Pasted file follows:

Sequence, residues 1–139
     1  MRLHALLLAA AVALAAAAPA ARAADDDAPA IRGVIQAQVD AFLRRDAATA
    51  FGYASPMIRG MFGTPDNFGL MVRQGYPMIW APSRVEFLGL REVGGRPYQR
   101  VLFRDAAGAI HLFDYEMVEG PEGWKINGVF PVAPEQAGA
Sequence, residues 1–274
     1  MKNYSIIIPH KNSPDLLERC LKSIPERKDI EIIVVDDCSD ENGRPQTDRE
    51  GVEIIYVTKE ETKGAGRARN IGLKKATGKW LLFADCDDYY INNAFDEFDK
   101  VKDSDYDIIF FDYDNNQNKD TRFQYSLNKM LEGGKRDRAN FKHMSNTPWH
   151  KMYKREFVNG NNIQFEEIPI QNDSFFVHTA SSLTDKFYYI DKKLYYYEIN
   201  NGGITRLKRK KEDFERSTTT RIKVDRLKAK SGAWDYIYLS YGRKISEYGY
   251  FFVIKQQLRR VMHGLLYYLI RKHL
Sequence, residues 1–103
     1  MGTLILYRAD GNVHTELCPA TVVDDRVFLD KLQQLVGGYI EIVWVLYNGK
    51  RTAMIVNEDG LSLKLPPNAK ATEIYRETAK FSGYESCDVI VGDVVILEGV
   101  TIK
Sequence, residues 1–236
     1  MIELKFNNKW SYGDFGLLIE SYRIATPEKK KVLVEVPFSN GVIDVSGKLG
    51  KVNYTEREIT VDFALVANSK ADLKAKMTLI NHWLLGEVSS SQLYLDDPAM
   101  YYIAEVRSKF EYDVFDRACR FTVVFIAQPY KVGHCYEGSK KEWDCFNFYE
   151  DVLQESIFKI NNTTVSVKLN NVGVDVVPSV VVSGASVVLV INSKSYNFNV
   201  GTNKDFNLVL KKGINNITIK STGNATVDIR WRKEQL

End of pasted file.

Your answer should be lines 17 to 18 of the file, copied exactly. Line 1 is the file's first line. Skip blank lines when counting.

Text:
     1  MIELKFNNKW SYGDFGLLIE SYRIATPEKK KVLVEVPFSN GVIDVSGKLG
    51  KVNYTEREIT VDFALVANSK ADLKAKMTLI NHWLLGEVSS SQLYLDDPAM